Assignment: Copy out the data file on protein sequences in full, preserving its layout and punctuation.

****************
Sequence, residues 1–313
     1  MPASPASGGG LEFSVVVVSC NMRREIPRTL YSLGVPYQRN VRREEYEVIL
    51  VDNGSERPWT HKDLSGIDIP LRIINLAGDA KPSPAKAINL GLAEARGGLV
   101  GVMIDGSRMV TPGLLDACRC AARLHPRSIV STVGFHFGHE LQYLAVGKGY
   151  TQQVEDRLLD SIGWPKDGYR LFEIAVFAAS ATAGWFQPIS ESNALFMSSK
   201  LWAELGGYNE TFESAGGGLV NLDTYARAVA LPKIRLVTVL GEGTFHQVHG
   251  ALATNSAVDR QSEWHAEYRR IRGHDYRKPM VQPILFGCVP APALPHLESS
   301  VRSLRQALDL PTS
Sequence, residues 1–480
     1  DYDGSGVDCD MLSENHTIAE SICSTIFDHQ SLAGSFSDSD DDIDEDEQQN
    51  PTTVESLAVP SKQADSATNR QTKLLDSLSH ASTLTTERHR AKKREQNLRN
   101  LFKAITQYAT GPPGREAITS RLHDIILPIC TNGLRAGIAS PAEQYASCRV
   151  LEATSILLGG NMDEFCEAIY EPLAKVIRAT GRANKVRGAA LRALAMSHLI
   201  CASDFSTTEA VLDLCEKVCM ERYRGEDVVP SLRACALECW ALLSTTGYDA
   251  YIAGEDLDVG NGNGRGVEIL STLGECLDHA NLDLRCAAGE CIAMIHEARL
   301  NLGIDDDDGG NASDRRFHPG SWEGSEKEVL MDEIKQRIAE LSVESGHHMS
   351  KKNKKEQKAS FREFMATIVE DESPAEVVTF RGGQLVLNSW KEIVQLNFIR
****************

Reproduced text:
Sequence, residues 1–313
     1  MPASPASGGG LEFSVVVVSC NMRREIPRTL YSLGVPYQRN VRREEYEVIL
    51  VDNGSERPWT HKDLSGIDIP LRIINLAGDA KPSPAKAINL GLAEARGGLV
   101  GVMIDGSRMV TPGLLDACRC AARLHPRSIV STVGFHFGHE LQYLAVGKGY
   151  TQQVEDRLLD SIGWPKDGYR LFEIAVFAAS ATAGWFQPIS ESNALFMSSK
   201  LWAELGGYNE TFESAGGGLV NLDTYARAVA LPKIRLVTVL GEGTFHQVHG
   251  ALATNSAVDR QSEWHAEYRR IRGHDYRKPM VQPILFGCVP APALPHLESS
   301  VRSLRQALDL PTS
Sequence, residues 1–480
     1  DYDGSGVDCD MLSENHTIAE SICSTIFDHQ SLAGSFSDSD DDIDEDEQQN
    51  PTTVESLAVP SKQADSATNR QTKLLDSLSH ASTLTTERHR AKKREQNLRN
   101  LFKAITQYAT GPPGREAITS RLHDIILPIC TNGLRAGIAS PAEQYASCRV
   151  LEATSILLGG NMDEFCEAIY EPLAKVIRAT GRANKVRGAA LRALAMSHLI
   201  CASDFSTTEA VLDLCEKVCM ERYRGEDVVP SLRACALECW ALLSTTGYDA
   251  YIAGEDLDVG NGNGRGVEIL STLGECLDHA NLDLRCAAGE CIAMIHEARL
   301  NLGIDDDDGG NASDRRFHPG SWEGSEKEVL MDEIKQRIAE LSVESGHHMS
   351  KKNKKEQKAS FREFMATIVE DESPAEVVTF RGGQLVLNSW KEIVQLNFIR